Intellectual Property Rights
Many African countries are currently engaged in debate concerning Intellectual Property Rights (IPR) policies they need to have in place to enable innovation, technology transfer and easier access to knowledge and technology. No doubt, creators of knowledge need reward and a degree of protection for their works, which in turn encourages innovation. Some studies have shown that countries where policies strongly protect intellectual property are more likely to attract foreign investments – particularly from the US and the UK that are strong believers in tight IPR policies. In Africa, there are some who feel a regime of expanded property rights protection holds considerable promise for promoting long-term economic growth and technological innovation.
But in an era of globalisation and rapid technological developments, there are concerns that tight IPR regimes could create “monopolies on information”. In fact, the terms intellectual protectionism and intellectual poverty are increasingly being used to refer to tight intellectual property policies and their likely effects.
The ‘Communications Rights in the Information Society’ (CRIS) programme, a campaign that seeks to ensure that communication rights are central to the information society, argues that IPR has affected the public’s access to knowledge in the public domain and to copyrighted works, limited legitimate opportunities for cultural appropriations, stifled learning, creativity and innovation, thus placing curbs on the democratisation of knowledge. It also contends that IPR has infiltrated into the domain of food and medicine, threatening the sustainability of indigenous knowledge and biodiversity.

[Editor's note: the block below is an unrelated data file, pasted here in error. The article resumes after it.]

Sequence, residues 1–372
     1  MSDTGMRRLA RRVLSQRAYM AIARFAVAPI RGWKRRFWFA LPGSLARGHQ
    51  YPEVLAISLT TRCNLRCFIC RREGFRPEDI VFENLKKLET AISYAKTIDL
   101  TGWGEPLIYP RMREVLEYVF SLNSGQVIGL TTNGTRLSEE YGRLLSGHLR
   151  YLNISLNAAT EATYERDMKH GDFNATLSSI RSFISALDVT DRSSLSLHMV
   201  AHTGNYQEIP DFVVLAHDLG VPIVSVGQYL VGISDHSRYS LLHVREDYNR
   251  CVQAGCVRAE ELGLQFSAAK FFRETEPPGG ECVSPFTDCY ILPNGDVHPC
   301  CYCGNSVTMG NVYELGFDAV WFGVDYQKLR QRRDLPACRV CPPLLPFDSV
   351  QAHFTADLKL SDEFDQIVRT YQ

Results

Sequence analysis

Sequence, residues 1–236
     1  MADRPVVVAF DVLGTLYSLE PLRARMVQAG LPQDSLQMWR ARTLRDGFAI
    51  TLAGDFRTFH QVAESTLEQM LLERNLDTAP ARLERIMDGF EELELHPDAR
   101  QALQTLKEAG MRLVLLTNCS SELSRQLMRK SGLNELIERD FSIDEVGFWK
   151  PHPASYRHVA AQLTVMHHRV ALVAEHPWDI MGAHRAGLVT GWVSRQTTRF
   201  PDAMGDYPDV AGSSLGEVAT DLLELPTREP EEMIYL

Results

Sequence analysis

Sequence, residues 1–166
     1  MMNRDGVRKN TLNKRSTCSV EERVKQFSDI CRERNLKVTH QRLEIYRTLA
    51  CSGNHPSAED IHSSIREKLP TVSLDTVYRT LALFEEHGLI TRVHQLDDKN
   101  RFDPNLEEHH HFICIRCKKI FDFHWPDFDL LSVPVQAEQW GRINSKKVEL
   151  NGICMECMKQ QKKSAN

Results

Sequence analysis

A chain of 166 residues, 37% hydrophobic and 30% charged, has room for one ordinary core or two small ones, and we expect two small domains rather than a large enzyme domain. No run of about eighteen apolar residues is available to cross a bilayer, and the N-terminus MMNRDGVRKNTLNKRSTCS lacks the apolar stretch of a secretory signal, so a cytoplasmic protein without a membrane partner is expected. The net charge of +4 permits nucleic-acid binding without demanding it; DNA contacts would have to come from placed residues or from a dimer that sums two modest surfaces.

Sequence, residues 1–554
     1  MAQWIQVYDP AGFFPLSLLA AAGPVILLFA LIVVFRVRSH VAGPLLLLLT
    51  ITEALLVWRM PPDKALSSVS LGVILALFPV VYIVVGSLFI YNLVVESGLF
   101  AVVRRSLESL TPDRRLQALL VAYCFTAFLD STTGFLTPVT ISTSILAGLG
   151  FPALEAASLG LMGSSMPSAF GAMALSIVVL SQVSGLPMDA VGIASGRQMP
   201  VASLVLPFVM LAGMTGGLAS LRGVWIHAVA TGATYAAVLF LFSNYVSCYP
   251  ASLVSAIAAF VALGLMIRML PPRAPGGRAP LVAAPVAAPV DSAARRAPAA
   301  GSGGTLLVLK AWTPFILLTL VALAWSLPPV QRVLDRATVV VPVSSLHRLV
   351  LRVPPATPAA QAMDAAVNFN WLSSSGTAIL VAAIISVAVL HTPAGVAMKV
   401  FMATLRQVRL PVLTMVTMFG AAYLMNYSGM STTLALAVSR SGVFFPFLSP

For Africa, which is in dire need of affordable technology and knowledge, tight IPR controls could then be seen as a loser. But, separately, Africa also needs to take seriously the issue of protection of traditional knowledge and folklore, since those with access to technology and who are knowledgeable about IPR can easily turn what is community knowledge into their patented ‘for sale’ product. In this debate traditional knowledge covers literary, artistic or scientific works, song, dance, medical treatments and agricultural techniques, while folklore covers the breadth of expressions of culture. But all these are impacted but new technologies, and it is imperative therefore to have policies that strike the right balance.